During Mann’s first three years in the legislature, he served on a number of House committees covering a wide area of concerns. About the only thing that did not come before him as a committee member were matters pertaining to education. However, as he had adopted his friends’ economic concerns, he was now beginning to adopt their social concerns. Their causes were soon to become his. One of their causes was “temperance,” a campaign for the stricter regulation of alcohol. So Mann, with a group of close friends, formed the Dedham Temperance Society, a voluntary association which would “discountenance the improper use of ardent spirits.” The members elected Mann as president. The group was allied in spirit and outlook to the Massachusetts Society for the Suppression of Intemperance, which had been founded in 1813 by a group of predominantly Unitarian ministers, lawyers, and merchants and reflected William E. Channing’s view that alcoholism was not an evidence of sinfulness but rather the result of intolerable pressures generated by society. To compete with the Calvinists, in 1816 a group of prominent Baltimore citizens appealed to the Boston liberals to help them establish a Unitarian church in strong orthodox territory. Channing was a Unitarian minister.


The solution they offered to the problem was for the rich to set an example to the poor by being temperate, for society to provide adequate recreation and diversion for the poor, and for the distribution of liquor through retail outlets to be curtailed and licensing to be more strictly controlled. In 1825, however, orthodox minister Lyman Beecher, then preaching in Boston, insisted that intemperance had to be treated as “SIN” and that the only cure was a religious one, not a legal one, that excise taxes and stricter control of licenses would not really come to grips with the spiritual problem of the drinker. Only total voluntary abstinence could cure this moral disease.

Here we see the beginning of liberalism’s total disregard for the American design and our Founders turning over in their graves. What the Harvard/Unitarian crowd began at the turn of 19th century far exceeded the brand of interference practiced by the 18th century King and Parliament against whom these men rebelled and as I continue to write about how education played a part in this whole usurpation, you’ll understand why we have a revolution today.(1)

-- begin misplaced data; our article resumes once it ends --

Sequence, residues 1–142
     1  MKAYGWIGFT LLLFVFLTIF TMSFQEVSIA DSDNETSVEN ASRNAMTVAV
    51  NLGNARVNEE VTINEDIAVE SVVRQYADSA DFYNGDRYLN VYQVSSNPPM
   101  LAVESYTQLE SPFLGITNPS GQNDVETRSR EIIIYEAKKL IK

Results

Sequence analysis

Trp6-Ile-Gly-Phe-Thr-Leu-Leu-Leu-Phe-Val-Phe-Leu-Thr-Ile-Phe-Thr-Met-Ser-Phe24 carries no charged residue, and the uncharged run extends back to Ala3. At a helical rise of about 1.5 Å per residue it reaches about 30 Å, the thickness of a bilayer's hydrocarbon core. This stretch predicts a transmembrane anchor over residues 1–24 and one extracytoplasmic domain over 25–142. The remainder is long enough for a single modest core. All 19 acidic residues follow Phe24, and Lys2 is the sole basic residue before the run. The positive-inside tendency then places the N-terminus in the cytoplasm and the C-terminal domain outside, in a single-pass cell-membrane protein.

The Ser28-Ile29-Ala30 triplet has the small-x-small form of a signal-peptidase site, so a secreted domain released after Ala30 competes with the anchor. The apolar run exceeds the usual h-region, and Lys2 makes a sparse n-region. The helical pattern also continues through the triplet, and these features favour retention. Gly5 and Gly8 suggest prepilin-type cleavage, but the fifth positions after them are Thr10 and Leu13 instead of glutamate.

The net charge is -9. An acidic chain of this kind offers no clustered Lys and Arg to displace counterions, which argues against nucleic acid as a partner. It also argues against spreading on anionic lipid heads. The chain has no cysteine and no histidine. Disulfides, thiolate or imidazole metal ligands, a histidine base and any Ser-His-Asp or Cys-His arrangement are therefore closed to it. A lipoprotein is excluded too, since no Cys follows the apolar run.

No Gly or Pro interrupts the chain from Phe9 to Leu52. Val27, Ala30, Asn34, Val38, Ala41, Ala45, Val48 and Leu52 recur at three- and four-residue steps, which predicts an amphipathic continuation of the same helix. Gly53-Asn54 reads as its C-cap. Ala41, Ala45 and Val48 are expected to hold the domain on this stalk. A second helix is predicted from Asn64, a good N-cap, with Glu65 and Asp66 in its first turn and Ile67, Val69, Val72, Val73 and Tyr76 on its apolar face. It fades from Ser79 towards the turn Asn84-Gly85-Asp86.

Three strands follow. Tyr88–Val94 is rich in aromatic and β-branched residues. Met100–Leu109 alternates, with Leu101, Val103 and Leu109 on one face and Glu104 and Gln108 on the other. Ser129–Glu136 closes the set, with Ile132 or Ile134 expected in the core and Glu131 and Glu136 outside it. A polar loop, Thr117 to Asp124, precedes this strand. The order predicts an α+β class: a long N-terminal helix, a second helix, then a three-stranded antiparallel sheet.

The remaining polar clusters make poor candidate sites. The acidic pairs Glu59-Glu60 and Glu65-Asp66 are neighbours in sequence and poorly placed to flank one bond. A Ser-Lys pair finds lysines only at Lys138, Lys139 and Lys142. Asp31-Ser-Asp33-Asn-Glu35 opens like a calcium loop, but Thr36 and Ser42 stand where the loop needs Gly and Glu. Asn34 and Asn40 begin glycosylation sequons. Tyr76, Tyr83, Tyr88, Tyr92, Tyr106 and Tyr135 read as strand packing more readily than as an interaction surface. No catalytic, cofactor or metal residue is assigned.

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Here again we see the liberal ideologues proposing to legislate us into Utopia about which the Owenites proposed while being incapable of preventing the rampant increase of crime, growing contempt for the law and those who enforce it, and the disintegration of the moral and legal codes which permit our society to function in an orderly manner. The city of Baltimore comes to mind where Mayor Rawlings-Blake with the wrong thinking said it was OK to allow the criminal rioters to wreak havoc to let off steam. As a result a drug dealer by the name of Freddie Gray dies in the police car and before the six police have a chance to due process, a jury decided to award the family $6.4 million.

In the next article, I explain how the Harvard/Unitarian elitists persuaded parents to send their children to the public schools.

Click here for part -----> 1, 2,

� 2015 Betty Freauf - All Rights Reserved

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Betty is a former Oregon Republican party activist having served as state party secretary, county chairman, 5th congressional vice chairman and then elected chairman, and a precinct worker for many years but Betty gave up on the two-party system in 2004.

Betty is a researcher specializing in education, a freelance journalist and a regular contributor to
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For you see, the whole reason for the tax-funded public education was to make sure Christian schools would eventually be eradicated so in this article I’m going to zero in on a man by the name of Horace Mann, father of the American public education...